Review: THE PRODUCERS (Royal Exchange Theatre)

Mel Brooks’ musical comedy was an absolute smash hit when it premiered on Broadway in 2001, evoking the Golden Age of Broadway with its hilarious script and old school sound. Years on, Manchester’s Royal Exchange Theatre tackle the musical balls-to-the-wall, the result being a hilarious musical romp.

THE PRODUCERS revolves around an oddball couple of opportunistic theatre producers who discover that there’s more money to be made in a failure than a hit. The pair actively search to put on the worst musical of all time finding the worst script, director and cast imaginable resulting in Springtime for Hitler, a musical ‘guaranteed to offend all races, colours and creeds!’

Raz Shaw’s production has brought the glitz and glamour of Broadway to the streets of Manchester in a delightfully camp, over the top production. Translating a musical in the round is an arduous task for any director, but Shaw not only manages this but excels. Shaw brilliantly captures the intense humour of Mel Brooks creating a production of sheer escapist joy. You’re unlikely to find a funnier musical anywhere in the country in 2019.

THE PRODUCERS relies heavily on a cast of brilliant character actors, and the Royal Exchange has assembled a crack team to head up this show. Julius D’Silva, who’s resumé is mainly composed of Shakespearean roles, is genius in the role of Max Bialystock. Stepping into the shoes of Zero Mostel and Nathan Lane, D’Silva makes the role his own bringing a suitable subtle eccentricity to the character. From the moment we’re introduced to the ex ‘King of Broadway’, he delights the audience with a knowing wink, letting us know we’re in safe hands for the night. It’s a brilliantly funny performance judged perfectly by the veteran D’Silva. He is suitably matched by Stuart Neal as the neurotic accountant Leo Bloom. His characterisation never falters as he teeters on the verge of a nervous breakdown all night. He proves to be a true musical leading man as an absolute triple theatre, his singing, dancing and acting throughout the night is faultless, highlighted in his leading number ‘I Wanna Be a Producer’.

The show has a treasure trove of supporting characters but special mention has to be given to Charles Brunton as the ostentatious theatre director Roger De Bris. The actor is having a whale of a time onstage and the audience just feeds off his exuberant energy. Watching Brunton descend on a German eagle to the stage from the heavens had the audience genuinely losing it, as did his act one showstopper ‘Keep it Gay’.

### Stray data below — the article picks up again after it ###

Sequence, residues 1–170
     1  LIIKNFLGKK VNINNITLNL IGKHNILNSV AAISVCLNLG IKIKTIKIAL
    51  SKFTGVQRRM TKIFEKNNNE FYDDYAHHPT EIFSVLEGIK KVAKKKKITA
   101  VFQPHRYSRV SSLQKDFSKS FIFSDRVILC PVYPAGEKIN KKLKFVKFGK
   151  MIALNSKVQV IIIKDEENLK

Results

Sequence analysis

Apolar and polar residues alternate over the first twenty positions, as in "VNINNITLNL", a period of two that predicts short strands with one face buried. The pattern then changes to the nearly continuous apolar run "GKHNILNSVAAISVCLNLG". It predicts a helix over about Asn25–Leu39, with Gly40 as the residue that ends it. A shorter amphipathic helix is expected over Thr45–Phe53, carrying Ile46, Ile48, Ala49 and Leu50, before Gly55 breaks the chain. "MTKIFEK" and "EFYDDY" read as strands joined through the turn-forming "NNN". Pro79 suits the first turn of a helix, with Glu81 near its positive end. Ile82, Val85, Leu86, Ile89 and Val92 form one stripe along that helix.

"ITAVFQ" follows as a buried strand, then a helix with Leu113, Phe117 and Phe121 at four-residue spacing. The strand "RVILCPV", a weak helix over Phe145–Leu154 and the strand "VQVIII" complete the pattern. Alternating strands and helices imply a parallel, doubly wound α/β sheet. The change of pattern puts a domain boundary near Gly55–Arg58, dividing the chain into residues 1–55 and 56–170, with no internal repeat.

The choreography and design elements of the piece deserve huge credit. Having seen the previous five musicals at the Royal Exchange, Alistair David’s dancing on stage is a level up from the theatre’s norm. Likewise, Ben Stones’ design keeps the in-the-round theatre ever changing with a vast array of set pieces and props. These elements all come together in the act two highlight Springtime for Hitler. Not to spoil what happens during the number, it’s both cringe inducing and wildly entertaining. I guarantee that even the most hardened of audiences will struggle to keep a wide smile off their face.

In a post #MeToo world, THE PRODUCERS will undoubtedly be held up to scrutiny. A year removed from the Weinstein scandal watching powerful entertainment moguls like Bialystock make sexual advances with his sleazy casting couch and constant heckling will make some uncomfortable no doubt. However, when taken in the cartoonish context of the piece, it gives the show a new satirical dimension, only adding to the outrageous tone of the piece.

The first review that Bialystock reads following the accidental success of Springtime for Hitler says ‘shocking, insulting and outrageous and I loved every minute of it’. I think it captures the essence of this production perfectly and stands to hold the lasting quality of Mel Brooks’ musical. This musical doesn’t just evoke the classics now, it feels like a classic.

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